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Clinton Will Not Visit Mexico During Campaign

  • VOA News

Democratic presidential candidate Hillary Clinton departs after speaking at the 49th Annual Salute to Labor at Illiniwek Park Riverfront in Hampton, Ill., Sept. 5, 2016.

Democratic presidential candidate Hillary Clinton departs after speaking at the 49th Annual Salute to Labor at Illiniwek Park Riverfront in Hampton, Ill., Sept. 5, 2016.

Democratic presidential candidate Hillary Clinton says she will not be visiting Mexico before the November election.

Her Republican opponent, Donald Trump, went there last week after Mexican President Enrique Pena Nieto invited both potential future U.S. leaders to discuss relations between the neighboring countries.

Clinton told ABC News on Monday that she will instead focus her efforts for now on creating jobs at home. Earlier Monday, she called Trump's talks with Pena Nieto "an embarrassing international incident," and said Trump did not know how to effectively talk to a head of state.

Clinton also told supporters in Cleveland, Ohio that her administration would fight for workers' rights and dignity as she assailed Trump's business record of multiple bankruptcies and allegations of poor treatment of his workers. She said his "bluster and wild claims" do not stand up to scrutiny.

She later told reporters aboard her campaign plane that she is gravely concerned about alleged "Russian government interference in our elections."

"We are going to have to take those threats and attacks seriously," she said. She also criticized Trump for "urging the Russians to hack more," an apparent reference to a Trump remark in which he asked the Russians to find Clinton's missing emails.

Russia is suspected of breaking into the computer system of the Democratic National Committee earlier this year, revealing that some DNC officials favored Clinton over her chief rival in the primaries, Bernie Sanders.

Republican presidential candidate Donald Trump waves as he walks with vice presidential candidate Gov. Mike Pence, R-Ind., during a visit to the170th Canfield Fair, Sept. 5, 2016, in Canfield, Ohio.

Republican presidential candidate Donald Trump waves as he walks with vice presidential candidate Gov. Mike Pence, R-Ind., during a visit to the170th Canfield Fair, Sept. 5, 2016, in Canfield, Ohio.

Trump meets union members

Trump also was in Ohio on Monday, meeting with union members and blaming President Barack Obama for allowing U.S. corporations to move jobs to Mexico.

"We're going to stop companies from leaving," Trump vowed, saying it would be "so easy" to do.


Trump's occasionally tough and at other times moderate stance on immigration became even murkier Monday. He told a rowdy audience last week in Arizona that undocumented immigrants seeking legal status in the U.S. will have to go back home first.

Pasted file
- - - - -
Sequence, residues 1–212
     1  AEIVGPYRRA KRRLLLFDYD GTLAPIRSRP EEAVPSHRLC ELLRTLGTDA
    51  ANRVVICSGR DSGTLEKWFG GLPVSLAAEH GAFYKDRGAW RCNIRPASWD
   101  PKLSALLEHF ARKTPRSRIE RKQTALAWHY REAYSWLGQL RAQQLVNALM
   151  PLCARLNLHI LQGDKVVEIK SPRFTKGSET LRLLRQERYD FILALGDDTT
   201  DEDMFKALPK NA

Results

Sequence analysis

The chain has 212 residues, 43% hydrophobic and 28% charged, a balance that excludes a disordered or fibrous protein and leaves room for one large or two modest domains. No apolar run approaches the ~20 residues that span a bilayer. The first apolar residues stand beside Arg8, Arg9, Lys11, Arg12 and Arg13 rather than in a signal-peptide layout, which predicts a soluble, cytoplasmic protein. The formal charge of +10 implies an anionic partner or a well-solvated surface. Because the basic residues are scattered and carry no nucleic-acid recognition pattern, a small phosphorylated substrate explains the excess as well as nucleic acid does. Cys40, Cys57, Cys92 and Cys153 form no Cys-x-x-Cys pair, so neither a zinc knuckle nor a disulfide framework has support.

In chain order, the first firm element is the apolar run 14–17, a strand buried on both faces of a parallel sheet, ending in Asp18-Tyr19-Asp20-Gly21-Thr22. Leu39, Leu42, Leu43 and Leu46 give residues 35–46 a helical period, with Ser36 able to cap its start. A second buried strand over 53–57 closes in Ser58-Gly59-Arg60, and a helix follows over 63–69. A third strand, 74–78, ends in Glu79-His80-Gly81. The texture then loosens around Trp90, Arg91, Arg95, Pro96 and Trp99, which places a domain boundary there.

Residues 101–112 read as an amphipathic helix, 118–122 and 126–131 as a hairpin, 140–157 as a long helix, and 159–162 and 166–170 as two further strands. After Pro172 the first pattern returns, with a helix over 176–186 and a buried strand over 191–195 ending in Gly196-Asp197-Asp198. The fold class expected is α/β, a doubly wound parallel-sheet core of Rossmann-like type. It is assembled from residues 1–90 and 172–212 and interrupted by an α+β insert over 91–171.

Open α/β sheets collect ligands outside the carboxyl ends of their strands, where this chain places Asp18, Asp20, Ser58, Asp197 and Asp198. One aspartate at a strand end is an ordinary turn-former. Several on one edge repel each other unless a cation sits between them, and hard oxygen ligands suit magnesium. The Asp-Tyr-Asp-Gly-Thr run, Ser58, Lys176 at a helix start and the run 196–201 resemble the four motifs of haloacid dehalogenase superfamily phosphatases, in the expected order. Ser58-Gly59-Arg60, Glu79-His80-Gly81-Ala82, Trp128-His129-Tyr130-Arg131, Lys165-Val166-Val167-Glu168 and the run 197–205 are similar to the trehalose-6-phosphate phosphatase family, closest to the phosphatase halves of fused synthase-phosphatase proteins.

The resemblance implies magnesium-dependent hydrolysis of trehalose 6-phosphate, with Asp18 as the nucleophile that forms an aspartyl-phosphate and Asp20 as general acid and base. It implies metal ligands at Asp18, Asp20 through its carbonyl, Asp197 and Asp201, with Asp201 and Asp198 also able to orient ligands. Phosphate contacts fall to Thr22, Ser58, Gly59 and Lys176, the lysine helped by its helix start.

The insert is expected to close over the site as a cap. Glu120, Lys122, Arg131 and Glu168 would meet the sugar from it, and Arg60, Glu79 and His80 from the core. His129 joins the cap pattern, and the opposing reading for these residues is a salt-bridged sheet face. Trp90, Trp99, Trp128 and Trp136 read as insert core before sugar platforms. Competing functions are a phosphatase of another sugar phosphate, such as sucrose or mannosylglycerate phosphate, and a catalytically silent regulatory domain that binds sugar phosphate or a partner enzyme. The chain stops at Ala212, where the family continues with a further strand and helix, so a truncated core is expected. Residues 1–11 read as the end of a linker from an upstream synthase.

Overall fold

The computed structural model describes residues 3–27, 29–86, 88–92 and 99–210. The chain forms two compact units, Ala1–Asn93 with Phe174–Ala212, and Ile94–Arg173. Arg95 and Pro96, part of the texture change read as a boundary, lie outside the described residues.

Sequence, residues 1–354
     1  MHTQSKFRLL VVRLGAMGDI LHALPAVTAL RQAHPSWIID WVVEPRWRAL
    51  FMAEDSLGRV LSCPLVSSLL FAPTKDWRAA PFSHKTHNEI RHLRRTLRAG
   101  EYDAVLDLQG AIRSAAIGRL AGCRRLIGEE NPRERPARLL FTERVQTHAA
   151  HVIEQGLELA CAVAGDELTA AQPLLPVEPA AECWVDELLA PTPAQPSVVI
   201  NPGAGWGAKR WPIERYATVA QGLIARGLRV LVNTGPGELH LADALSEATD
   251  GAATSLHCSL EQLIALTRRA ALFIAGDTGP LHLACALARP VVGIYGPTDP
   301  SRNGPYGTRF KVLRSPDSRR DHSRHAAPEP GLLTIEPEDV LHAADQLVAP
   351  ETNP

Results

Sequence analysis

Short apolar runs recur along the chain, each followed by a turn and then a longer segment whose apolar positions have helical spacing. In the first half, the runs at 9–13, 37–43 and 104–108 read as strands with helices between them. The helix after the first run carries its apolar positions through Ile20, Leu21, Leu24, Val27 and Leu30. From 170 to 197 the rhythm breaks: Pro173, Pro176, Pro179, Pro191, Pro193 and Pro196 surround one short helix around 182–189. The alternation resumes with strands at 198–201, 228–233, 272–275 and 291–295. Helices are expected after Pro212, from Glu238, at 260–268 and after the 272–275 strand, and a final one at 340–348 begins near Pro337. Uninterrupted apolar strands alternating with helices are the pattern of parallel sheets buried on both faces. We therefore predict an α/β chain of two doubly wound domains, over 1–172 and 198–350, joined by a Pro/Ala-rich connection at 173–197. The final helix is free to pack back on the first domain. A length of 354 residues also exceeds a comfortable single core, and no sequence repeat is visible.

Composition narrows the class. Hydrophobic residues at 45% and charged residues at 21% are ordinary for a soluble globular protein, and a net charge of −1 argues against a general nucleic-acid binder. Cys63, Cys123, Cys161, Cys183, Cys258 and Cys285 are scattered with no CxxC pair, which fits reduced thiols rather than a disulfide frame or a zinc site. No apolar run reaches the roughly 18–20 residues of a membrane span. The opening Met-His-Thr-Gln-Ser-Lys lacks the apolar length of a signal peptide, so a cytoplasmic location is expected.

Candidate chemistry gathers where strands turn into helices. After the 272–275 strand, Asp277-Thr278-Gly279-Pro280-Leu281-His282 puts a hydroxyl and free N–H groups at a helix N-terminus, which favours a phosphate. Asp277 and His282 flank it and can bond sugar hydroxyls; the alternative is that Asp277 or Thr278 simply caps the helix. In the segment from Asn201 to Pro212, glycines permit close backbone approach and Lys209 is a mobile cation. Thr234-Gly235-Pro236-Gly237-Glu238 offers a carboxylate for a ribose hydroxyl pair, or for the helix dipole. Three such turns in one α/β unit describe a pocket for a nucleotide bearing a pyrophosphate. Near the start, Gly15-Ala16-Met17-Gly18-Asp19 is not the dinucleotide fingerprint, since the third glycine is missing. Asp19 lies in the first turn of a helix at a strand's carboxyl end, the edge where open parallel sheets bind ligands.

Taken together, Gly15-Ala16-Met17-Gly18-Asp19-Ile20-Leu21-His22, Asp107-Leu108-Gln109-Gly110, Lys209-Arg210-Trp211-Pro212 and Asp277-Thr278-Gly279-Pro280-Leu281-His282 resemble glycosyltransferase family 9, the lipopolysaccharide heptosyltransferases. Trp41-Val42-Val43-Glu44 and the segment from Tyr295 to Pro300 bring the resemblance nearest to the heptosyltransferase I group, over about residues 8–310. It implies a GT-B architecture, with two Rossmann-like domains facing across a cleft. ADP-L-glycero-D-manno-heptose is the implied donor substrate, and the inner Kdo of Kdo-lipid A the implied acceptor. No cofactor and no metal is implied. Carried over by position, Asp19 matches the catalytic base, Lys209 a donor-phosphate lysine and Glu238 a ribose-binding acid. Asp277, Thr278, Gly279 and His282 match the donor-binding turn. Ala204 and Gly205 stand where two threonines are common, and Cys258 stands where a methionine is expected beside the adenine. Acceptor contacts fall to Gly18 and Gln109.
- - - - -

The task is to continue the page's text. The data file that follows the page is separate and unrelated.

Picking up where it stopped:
But he told reporters Monday that they may not have to return home, saying he is not "ruling out anything." He said a final decision would come in the future.

Clinton called Trump's talks last week with Mexican President Enrique Pena Nieto, in which immigration was a major topic, "an embarrassing international incident."

Trump denied the two discussed who would pay for a wall he wants to build along the U.S. order with Mexico, while Pena Nieto said he told Trump that Mexico will not pay for it.

Republican presidential candidate Donald Trump's plane is visible on the tarmac as Democratic presidential candidate Hillary Clinton arrives at Cleveland Hopkins International Airport in Cleveland, Ohio, Sept. 5, 2016, after traveling from Westchester County.

Republican presidential candidate Donald Trump's plane is visible on the tarmac as Democratic presidential candidate Hillary Clinton arrives at Cleveland Hopkins International Airport in Cleveland, Ohio, Sept. 5, 2016, after traveling from Westchester County.

Importance of winning Ohio

The Trump and Clinton campaign planes were at the Cleveland airport at the same time Monday, but the two candidates did not cross paths.

"It's kind of interesting to have all the planes here on the same tarmac," Democratic vice presidential candidate Tim Kaine said as he walked over to greet Clinton. "Just shows you how important Ohio is. We're going to be here a lot."

It was no coincidence that both were campaigning in the Midwestern state on Labor Day. Ohio is both farm country and industrial, dotted by several major cities. It is also a major battleground state that could go either way on Election Day.

The latest polls give Clinton a 44-to-41 percent lead in Ohio, and a 4-point lead nationally.

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